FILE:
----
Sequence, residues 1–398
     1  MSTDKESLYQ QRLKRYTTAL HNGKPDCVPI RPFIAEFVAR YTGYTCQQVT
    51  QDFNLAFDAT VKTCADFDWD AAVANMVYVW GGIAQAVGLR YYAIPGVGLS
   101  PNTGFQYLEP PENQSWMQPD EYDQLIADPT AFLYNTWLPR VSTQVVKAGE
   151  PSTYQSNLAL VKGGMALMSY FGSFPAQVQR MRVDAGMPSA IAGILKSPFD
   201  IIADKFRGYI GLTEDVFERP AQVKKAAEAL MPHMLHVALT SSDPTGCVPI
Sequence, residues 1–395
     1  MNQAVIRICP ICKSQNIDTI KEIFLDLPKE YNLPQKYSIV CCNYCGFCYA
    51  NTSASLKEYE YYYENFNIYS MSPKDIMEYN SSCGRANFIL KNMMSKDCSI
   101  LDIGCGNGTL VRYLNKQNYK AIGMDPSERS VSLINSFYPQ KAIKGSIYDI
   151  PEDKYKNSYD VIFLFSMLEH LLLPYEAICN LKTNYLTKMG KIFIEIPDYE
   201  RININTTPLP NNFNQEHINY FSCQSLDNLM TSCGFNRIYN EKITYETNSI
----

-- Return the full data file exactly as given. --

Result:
Sequence, residues 1–398
     1  MSTDKESLYQ QRLKRYTTAL HNGKPDCVPI RPFIAEFVAR YTGYTCQQVT
    51  QDFNLAFDAT VKTCADFDWD AAVANMVYVW GGIAQAVGLR YYAIPGVGLS
   101  PNTGFQYLEP PENQSWMQPD EYDQLIADPT AFLYNTWLPR VSTQVVKAGE
   151  PSTYQSNLAL VKGGMALMSY FGSFPAQVQR MRVDAGMPSA IAGILKSPFD
   201  IIADKFRGYI GLTEDVFERP AQVKKAAEAL MPHMLHVALT SSDPTGCVPI
Sequence, residues 1–395
     1  MNQAVIRICP ICKSQNIDTI KEIFLDLPKE YNLPQKYSIV CCNYCGFCYA
    51  NTSASLKEYE YYYENFNIYS MSPKDIMEYN SSCGRANFIL KNMMSKDCSI
   101  LDIGCGNGTL VRYLNKQNYK AIGMDPSERS VSLINSFYPQ KAIKGSIYDI
   151  PEDKYKNSYD VIFLFSMLEH LLLPYEAICN LKTNYLTKMG KIFIEIPDYE
   201  RININTTPLP NNFNQEHINY FSCQSLDNLM TSCGFNRIYN EKITYETNSI